I believe that this was the second summer that my parents owned the ranch in Pahrump. Fortunately, my dad had retained the 10,000-gallon propane tank that had been on the north farm in Texas from the sale of that farm. And a week or two earlier it had been trucked up to the ranch because he needed additional propane storage capacity. It had been put in place on its own concrete cradles a few feet away from the existing tank, but as yet it had not been plumbed in or filled up. It was sitting there empty so in all of this carnage it had been totally undamaged.
So that was the good news: (a) nobody got hurt; and (b) the equipment that was damaged was expendable. I mean, it could be rebuilt. And (c) the other tank was already there. It would have taken days to locate and install another tank. When the propane source was suddenly gone, all of the refrigerators and appliances in the camp were no longer operable. All of the residents’ food in the refrigerators would have been wasted. And all of the tractors and other vehicles and equipment that ran on propane on the ranch would have been immobilized. It was potentially a crippling situation and a rapid response for repairs was vital.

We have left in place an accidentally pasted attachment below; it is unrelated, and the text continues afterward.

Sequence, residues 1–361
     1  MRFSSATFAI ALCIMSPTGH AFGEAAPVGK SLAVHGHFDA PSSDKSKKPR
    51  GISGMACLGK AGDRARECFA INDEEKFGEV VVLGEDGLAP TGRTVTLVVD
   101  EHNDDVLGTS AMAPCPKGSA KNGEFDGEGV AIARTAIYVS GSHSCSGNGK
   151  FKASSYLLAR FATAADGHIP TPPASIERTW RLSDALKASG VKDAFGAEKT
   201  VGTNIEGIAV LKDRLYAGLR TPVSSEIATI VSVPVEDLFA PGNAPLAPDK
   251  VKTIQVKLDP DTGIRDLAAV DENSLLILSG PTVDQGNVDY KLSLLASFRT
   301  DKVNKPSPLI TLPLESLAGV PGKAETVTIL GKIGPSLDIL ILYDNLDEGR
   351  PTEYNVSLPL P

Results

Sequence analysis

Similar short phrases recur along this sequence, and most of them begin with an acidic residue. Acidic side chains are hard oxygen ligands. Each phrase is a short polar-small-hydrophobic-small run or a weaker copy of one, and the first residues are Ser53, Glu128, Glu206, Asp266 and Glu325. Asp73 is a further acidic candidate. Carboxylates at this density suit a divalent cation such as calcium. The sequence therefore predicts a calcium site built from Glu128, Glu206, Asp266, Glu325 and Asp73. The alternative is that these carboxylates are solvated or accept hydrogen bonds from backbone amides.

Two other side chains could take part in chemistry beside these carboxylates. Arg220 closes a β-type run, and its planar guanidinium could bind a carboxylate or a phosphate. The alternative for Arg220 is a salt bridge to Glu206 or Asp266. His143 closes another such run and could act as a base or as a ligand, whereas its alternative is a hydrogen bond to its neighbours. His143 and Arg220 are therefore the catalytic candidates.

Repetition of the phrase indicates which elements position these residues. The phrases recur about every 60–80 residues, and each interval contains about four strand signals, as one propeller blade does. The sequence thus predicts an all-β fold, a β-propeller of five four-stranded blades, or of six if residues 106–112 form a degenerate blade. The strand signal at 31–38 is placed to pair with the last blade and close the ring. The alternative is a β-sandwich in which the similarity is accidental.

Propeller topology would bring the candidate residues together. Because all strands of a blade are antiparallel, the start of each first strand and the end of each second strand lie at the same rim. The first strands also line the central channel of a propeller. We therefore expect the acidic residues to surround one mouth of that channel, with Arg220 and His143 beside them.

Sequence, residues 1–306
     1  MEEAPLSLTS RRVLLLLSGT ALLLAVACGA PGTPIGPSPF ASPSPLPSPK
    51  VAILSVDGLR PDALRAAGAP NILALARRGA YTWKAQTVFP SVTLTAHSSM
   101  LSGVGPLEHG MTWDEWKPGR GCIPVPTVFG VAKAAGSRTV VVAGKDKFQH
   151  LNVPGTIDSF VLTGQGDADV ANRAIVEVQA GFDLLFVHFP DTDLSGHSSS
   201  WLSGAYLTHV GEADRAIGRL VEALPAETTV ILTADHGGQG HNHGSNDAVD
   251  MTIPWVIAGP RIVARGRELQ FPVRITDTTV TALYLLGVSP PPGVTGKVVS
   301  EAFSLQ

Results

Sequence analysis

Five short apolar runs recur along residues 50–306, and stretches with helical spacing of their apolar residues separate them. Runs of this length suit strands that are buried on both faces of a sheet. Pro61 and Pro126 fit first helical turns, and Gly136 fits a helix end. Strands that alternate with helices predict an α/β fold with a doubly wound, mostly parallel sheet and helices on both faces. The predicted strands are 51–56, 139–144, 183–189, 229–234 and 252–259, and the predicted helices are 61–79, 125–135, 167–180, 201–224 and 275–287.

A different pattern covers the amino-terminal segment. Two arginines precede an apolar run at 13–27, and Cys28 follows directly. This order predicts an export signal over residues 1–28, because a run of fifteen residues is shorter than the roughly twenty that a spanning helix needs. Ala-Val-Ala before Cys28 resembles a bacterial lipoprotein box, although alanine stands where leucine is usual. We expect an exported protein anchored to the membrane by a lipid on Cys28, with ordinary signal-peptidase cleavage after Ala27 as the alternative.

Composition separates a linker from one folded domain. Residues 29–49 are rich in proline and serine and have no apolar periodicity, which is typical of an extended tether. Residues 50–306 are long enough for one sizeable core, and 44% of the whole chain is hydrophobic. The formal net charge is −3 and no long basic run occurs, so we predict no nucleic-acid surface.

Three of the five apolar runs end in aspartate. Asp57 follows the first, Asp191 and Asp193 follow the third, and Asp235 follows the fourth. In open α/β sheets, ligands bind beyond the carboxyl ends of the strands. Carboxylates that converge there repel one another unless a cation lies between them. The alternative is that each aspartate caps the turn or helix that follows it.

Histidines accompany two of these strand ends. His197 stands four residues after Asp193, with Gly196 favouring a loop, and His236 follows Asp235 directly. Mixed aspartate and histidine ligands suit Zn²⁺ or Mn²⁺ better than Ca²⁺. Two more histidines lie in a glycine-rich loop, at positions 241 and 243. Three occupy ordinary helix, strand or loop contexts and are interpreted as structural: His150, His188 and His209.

Lyle Gunderson was the general manager for Petrolane, which was the primary propane dealership on North Main in Las Vegas. I knew him pretty well because we were in and out of the Petrolane complex quite a bit. Dad contacted him and Lyle responded to the situation on the ranch the next day after the fire. He and two or three of his technicians brought all of the components that were needed complete repairs and plumb in the 10,000-gallon empty tank.